Legal Battle of the Bands Is Over

Supreme Court leaves 'Stairway to Heaven' with Led Zeppelin
By Bob Cronin,  Newser Staff
Posted Oct 5, 2020 7:05 PM CDT
Legal Battle of the Bands Is Over
Robert Plant, left, and guitarist Jimmy Page play in 1985.   (AP Photo/Amy Sancetta, File)

The six-year legal back-and-forth over "Stairway to Heaven" has ended, with Led Zeppelin holding on to ownership of the song. The US Supreme Court announced Monday that it won't take up the case, leaving intact a March ruling by an appeals court that favored the band, the BBC reports. Spirit, an American psychedelic band, filed a copyright suit in 2014 claiming that Robert Plant and Jimmy Page copied the song's opening riff from "Taurus," which Spirit released in 1968. The judge didn't let the original jury listen to "Taurus," but the Ninth Circuit decided the error didn't call for a new trial. Some estimates put earnings from "Stairway to Heaven" at more than $500 million since it was released in 1971, per the New York Times.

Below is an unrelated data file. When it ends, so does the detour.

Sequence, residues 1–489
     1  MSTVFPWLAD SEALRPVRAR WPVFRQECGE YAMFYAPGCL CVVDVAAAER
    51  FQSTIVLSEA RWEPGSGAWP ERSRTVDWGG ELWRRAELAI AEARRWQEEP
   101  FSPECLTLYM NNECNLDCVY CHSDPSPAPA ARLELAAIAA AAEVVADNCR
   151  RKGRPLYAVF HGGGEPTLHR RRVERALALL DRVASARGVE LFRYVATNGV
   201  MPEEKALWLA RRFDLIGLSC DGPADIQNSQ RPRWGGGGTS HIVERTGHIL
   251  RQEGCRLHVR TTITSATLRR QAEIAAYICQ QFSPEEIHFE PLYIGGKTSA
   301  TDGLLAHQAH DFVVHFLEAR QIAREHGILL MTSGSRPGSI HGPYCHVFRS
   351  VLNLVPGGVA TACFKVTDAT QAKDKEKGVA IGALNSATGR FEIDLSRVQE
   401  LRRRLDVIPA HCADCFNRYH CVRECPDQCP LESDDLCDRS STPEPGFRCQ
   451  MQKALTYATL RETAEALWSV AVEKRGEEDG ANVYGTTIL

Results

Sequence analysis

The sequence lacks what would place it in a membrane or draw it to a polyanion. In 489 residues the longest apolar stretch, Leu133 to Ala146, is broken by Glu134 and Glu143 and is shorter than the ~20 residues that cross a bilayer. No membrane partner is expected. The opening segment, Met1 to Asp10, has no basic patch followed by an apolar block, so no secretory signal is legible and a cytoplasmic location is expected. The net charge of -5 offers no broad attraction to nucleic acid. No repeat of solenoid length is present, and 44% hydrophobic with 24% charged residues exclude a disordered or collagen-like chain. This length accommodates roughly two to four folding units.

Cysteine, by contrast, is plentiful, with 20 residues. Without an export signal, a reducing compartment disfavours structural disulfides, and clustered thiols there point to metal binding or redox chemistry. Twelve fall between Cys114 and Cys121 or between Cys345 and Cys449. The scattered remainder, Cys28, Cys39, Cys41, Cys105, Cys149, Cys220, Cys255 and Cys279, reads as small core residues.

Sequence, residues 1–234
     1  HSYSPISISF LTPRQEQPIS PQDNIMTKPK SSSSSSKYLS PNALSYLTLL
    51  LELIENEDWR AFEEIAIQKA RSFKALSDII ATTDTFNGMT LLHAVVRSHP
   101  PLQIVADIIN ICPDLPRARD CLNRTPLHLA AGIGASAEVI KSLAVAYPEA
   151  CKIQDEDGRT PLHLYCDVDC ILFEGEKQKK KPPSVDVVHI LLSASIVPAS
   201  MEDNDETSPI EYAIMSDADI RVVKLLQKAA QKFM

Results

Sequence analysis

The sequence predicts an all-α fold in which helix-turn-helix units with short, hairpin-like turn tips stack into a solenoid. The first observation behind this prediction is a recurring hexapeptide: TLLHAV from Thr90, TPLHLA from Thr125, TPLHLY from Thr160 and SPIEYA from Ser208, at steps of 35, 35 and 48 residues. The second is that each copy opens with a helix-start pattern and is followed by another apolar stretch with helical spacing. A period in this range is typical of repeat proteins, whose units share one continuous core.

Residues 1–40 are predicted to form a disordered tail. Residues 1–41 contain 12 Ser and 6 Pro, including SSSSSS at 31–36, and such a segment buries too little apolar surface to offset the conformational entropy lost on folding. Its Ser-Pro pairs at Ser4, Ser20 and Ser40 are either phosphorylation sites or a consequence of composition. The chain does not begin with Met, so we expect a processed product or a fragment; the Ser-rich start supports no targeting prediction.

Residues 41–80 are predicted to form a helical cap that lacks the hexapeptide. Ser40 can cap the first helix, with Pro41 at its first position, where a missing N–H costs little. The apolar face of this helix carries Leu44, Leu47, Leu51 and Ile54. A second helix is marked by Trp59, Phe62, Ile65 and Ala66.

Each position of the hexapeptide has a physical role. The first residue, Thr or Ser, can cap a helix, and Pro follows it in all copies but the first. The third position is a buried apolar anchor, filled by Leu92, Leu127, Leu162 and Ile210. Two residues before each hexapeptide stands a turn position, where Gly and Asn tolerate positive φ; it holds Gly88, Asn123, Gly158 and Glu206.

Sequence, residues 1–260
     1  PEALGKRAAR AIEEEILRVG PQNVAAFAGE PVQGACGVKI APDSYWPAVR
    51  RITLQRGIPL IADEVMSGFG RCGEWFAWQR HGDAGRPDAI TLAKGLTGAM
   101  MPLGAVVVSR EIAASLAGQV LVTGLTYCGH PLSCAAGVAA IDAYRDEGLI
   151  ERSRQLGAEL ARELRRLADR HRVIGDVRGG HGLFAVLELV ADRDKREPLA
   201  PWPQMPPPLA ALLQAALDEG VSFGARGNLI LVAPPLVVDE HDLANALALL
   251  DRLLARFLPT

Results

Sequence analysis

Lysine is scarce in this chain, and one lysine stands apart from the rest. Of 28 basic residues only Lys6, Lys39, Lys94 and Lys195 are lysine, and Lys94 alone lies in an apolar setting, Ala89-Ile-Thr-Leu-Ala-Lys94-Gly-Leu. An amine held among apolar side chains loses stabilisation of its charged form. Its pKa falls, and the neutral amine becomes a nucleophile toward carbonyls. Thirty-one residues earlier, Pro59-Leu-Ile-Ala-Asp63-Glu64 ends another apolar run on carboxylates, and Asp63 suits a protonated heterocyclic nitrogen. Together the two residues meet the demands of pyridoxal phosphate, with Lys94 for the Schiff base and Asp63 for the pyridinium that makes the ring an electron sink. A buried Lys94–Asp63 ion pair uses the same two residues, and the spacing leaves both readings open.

The two bands shared a bill in Birmingham, England, in 1970, but Page said he'd never heard "Taurus" until online posts compared the songs in the early 2010s. "I knew I had never heard that before," Page testified. The jury didn't buy that contention but still decided the songs were "not intrinsically similar." Experts testified that the descending pattern isn't unique to those two songs, giving a 1964 Mary Poppins song, "Chim Chim Cher-ee," as one example. The music industry monitored the case for decisions on whether, for example, copyright can be claimed over a brief sequence of notes or chord progression. (More Stairway to Heaven stories.)

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